When I woke up on Christmas morning and saw the box in the corner of our living room, I shot Stephanie a disapproving look. The present was the size and shape of a flat screen television and although we had discussed buying one on many occasions, we ultimately decided against it until the time was right. So as the presents were opened by the kids, I tried to ignore the gift in the corner that seemed to grow ominously larger by the minute.
Finally, Stephanie said, “I would like you to open my gift,” as she pointed toward the box I had been ignoring.
“It’s not what you think it is! Open it.”
I walked across our living room as I made one last plea to open it later after the kids had gone to bed. I didn’t want them to get too excited just in case we had to return it a few days later. Stephanie rolled her eyes at me as she excitedly said, “Just open it!”
I opened the card that was attached and read:
I truly hope this gift helps you to rediscover your childhood aspirations and tap into your hidden potential! Have fun with it and enjoy yourself!
PS – After too many years of you spoiling me at Christmas, I finally get to give you the gift you have deserved for over 30 years! Enjoy!
As I looked up from the card, I was bewildered. I haven’t wanted a flat screen for over thirty years and how would one have fun with a flat screen television anyway? She must have seen the puzzlement in my facial expression as I looked at her quizzically while I tried to decipher the meaning of her card. I was stumped.
“Open it,” she said more excited than ever.
Inside the box was a brand new electric guitar with a prepaid gift certificate for lessons. My eyes flew wide open as I took the guitar out of the package and cradled it in my hands for the first time. I was like a kid in a candy shop as I reminisced about past Christmases when all I ever wanted was a brand new electric guitar but no matter how hard I pleaded, one never arrived.
My mother was opposed to me learning how to play an instrument. She was adamantly opposed to me being involved in chorus, theater or any other nonacademic related activity, except for sports. “It is a waste of time. I want you to learn the basic skills so you can get a job and have a good life,” she once said to me when I was younger.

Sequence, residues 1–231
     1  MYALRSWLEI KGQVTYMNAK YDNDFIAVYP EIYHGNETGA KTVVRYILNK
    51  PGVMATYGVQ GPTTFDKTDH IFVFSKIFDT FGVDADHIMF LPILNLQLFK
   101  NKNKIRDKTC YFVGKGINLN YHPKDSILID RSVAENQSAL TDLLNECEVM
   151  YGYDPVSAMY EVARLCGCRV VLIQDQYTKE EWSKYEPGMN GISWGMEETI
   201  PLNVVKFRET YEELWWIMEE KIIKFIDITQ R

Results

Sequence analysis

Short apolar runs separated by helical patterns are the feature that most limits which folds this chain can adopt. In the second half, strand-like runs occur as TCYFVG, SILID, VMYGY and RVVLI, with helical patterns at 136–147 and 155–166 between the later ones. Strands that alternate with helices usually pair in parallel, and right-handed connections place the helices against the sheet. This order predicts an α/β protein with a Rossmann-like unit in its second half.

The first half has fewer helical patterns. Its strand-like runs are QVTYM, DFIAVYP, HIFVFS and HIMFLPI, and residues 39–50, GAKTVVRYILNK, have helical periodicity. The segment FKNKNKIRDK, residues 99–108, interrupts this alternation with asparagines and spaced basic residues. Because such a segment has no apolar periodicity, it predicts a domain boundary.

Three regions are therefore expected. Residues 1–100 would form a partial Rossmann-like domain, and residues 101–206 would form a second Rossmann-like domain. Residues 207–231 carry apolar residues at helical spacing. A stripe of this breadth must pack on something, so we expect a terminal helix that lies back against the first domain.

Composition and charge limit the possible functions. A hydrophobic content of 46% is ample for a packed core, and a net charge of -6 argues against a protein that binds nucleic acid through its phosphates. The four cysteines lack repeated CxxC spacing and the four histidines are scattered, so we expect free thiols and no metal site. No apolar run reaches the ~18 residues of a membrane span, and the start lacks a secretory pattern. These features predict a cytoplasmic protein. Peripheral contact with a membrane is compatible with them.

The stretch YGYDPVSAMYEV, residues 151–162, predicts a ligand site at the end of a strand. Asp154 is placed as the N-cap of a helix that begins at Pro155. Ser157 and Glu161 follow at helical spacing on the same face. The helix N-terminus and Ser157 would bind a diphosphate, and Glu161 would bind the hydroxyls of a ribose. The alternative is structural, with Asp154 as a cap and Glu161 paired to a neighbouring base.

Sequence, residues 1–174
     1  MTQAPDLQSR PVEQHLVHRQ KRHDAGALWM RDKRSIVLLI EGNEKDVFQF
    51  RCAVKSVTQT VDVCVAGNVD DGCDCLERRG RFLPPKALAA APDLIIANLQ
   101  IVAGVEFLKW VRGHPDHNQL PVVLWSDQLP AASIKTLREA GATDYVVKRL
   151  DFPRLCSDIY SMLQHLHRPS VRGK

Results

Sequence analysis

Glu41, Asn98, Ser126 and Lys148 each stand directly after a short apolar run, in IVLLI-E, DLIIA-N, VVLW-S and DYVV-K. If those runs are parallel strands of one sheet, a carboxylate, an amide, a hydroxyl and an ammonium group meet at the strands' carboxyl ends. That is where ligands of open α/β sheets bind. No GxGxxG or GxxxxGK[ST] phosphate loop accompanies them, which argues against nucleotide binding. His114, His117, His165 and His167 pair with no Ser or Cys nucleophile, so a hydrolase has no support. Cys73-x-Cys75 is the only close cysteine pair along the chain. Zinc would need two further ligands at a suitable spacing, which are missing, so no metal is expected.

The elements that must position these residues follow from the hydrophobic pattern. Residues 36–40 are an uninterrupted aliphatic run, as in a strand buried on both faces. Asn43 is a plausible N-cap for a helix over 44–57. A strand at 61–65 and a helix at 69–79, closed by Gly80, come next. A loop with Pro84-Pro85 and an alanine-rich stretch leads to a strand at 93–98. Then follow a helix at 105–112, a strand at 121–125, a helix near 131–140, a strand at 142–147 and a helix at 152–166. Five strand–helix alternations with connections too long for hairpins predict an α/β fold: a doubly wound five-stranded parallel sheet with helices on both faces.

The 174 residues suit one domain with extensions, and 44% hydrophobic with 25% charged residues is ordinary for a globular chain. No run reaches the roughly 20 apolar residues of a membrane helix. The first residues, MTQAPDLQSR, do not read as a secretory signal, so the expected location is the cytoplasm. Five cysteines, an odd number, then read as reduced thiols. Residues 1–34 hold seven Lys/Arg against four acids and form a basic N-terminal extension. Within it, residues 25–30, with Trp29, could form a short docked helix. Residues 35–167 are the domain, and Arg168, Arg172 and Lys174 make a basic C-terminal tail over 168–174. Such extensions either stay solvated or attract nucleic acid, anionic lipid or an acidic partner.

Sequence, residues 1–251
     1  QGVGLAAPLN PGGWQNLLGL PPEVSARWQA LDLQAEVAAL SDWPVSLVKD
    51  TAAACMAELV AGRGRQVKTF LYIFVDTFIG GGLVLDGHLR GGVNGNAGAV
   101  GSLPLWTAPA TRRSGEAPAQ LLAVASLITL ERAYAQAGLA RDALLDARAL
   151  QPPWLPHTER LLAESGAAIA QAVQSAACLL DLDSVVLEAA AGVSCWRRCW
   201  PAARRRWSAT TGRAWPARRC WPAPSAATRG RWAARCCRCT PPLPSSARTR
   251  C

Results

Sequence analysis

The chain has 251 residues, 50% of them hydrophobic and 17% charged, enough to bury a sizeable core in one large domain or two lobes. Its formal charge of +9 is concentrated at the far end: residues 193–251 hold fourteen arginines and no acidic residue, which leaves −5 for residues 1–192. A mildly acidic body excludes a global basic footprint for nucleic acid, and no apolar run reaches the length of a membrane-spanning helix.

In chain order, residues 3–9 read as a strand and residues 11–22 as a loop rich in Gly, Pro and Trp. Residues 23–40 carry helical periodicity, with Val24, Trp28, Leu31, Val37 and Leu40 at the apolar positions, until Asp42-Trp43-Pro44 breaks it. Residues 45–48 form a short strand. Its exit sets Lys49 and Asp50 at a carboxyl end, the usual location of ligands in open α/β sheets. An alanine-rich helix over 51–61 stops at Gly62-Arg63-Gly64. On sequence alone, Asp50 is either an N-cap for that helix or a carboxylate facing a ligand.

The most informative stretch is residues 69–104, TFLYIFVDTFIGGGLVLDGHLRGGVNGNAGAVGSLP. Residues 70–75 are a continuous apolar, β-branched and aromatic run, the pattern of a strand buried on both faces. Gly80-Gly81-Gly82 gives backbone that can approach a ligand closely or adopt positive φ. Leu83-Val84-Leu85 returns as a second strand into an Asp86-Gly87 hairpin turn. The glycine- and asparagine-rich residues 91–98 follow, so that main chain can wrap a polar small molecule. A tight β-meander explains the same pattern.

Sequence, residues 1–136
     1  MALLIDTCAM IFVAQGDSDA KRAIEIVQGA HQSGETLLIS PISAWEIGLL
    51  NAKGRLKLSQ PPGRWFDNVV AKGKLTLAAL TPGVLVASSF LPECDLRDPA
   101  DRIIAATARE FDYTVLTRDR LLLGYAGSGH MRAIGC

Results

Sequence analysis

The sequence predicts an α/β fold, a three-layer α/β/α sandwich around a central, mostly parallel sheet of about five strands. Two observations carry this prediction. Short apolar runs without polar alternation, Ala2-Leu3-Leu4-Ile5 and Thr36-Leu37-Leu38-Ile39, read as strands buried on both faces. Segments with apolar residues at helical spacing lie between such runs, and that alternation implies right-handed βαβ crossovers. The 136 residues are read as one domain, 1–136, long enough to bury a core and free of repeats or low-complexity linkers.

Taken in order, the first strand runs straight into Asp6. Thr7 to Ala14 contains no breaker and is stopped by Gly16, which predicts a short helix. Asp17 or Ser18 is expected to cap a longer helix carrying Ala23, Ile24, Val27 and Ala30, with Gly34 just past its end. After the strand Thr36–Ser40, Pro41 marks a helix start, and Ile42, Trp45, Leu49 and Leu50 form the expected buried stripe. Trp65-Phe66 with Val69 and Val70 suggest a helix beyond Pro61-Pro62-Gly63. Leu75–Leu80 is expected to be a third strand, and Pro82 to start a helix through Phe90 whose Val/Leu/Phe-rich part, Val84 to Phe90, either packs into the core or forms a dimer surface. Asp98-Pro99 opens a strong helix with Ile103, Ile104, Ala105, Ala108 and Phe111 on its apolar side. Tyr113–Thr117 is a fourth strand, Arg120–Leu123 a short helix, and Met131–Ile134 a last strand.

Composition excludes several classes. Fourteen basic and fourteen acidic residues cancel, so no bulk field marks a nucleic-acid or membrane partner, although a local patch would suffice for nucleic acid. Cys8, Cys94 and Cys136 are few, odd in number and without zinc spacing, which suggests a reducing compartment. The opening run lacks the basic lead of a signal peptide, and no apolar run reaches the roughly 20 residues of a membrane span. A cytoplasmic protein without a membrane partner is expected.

Unfortunately, for me, she felt that music was a waste of my time and didn’t want me involved in frivolous activities. She felt that learning music offered no tangible benefit to my education or long term success. And although all of the research proved the exact opposite of her belief, I was never able to convince her to look at the empirical evidence.
So I went behind her back. I auditioned and performed in middle school and high school productions. In high school, I sat in and sang with a couple of garage bands from time to time. And after I graduated from college, I formed a band with a friend of mine. But in all the years in between, I never took the time to learn how to play the guitar.
That was until this year when my wife bought me an electric guitar for Christmas. I started lessons in January and I have to admit that it was harder than I thought it would be during the first few weeks. But over the past few months, I have made progress. I have learned how to play a few easy songs and I just completed work on my first rhythm guitar project. And I love every minute of it.
I have often been told that “you can’t teach an old dog, new tricks.” I completely disagree. I have always claimed to be a student in the continuing education department at the University of Life and this past Christmas, my wife asked me to put my money where my mouth is. It was my dream as a child. It was the one thing I wished to find under the tree every December 25th and as my heart pounded in my chest as I raced down the stairs each and every year, it was the one thing that was never there. This year, it was the last thing I expected to find under our Christmas tree and I am glad it was there.
I am blessed to have a wife who believes in making dreams a reality because I have rediscovered my childhood aspirations. And I have tapped into my hidden potential to explore new realms of possibilities. I have a long way to go before I will be considered “good” by any measurable standard but I am excited to see where this musical mystery tour takes me in the coming years.
Dreams require action. My wife taught me that in one simple act of kindness that reinforced the fact that life is too short to wish for dreams to come true. If I want something bad enough, I have to make it become a reality. That’s how dreams come true; for “new dogs and old dogs” alike!